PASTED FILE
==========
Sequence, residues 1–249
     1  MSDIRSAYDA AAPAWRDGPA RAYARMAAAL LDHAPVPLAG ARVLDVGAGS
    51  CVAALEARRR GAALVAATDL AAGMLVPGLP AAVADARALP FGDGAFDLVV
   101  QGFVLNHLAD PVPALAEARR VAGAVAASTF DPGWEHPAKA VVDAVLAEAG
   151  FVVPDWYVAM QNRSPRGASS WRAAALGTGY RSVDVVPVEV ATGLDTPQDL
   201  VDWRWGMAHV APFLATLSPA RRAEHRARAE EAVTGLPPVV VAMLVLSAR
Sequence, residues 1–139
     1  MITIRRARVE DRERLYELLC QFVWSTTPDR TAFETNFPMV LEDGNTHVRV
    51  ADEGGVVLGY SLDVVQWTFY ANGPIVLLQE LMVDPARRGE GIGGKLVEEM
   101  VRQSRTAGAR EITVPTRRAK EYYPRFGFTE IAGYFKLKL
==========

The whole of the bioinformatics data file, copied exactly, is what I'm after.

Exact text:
Sequence, residues 1–249
     1  MSDIRSAYDA AAPAWRDGPA RAYARMAAAL LDHAPVPLAG ARVLDVGAGS
    51  CVAALEARRR GAALVAATDL AAGMLVPGLP AAVADARALP FGDGAFDLVV
   101  QGFVLNHLAD PVPALAEARR VAGAVAASTF DPGWEHPAKA VVDAVLAEAG
   151  FVVPDWYVAM QNRSPRGASS WRAAALGTGY RSVDVVPVEV ATGLDTPQDL
   201  VDWRWGMAHV APFLATLSPA RRAEHRARAE EAVTGLPPVV VAMLVLSAR
Sequence, residues 1–139
     1  MITIRRARVE DRERLYELLC QFVWSTTPDR TAFETNFPMV LEDGNTHVRV
    51  ADEGGVVLGY SLDVVQWTFY ANGPIVLLQE LMVDPARRGE GIGGKLVEEM
   101  VRQSRTAGAR EITVPTRRAK EYYPRFGFTE IAGYFKLKL